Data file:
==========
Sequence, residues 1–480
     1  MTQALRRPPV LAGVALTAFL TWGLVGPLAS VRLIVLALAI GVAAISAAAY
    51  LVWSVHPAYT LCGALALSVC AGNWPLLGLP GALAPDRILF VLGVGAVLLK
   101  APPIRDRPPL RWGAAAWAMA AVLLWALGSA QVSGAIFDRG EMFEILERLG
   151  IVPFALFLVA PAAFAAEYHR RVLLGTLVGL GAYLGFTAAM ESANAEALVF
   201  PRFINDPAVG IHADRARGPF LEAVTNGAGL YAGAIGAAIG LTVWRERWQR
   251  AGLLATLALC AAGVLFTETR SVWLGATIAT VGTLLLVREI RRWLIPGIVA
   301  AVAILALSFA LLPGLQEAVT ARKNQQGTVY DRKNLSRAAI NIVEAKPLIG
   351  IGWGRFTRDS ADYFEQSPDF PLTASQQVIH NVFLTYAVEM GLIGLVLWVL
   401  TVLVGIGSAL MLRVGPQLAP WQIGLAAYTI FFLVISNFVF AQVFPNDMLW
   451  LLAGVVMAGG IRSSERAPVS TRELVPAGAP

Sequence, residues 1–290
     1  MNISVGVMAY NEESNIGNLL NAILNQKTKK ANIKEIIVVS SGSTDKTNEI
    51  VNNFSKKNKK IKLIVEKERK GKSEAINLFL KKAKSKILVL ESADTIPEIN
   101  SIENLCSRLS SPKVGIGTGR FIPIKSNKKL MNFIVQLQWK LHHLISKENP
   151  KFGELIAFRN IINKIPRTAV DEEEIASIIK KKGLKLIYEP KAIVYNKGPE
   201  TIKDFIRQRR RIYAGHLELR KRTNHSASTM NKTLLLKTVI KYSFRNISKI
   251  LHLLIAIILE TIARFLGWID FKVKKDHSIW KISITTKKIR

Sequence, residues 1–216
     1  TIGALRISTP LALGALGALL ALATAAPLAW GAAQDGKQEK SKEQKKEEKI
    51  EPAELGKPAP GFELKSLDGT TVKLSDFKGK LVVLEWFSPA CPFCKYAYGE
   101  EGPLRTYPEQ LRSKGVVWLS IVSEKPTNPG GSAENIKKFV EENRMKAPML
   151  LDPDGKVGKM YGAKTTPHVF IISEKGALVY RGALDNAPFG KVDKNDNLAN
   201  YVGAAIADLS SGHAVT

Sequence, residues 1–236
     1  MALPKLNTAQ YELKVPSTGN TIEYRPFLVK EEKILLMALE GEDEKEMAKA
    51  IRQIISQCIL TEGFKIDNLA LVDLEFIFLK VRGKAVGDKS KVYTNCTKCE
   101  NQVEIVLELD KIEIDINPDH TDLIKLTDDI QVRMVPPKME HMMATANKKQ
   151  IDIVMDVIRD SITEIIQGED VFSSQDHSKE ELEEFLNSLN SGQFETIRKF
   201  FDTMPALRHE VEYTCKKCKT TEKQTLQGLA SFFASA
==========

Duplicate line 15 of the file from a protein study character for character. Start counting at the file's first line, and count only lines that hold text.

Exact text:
   101  SIENLCSRLS SPKVGIGTGR FIPIKSNKKL MNFIVQLQWK LHHLISKENP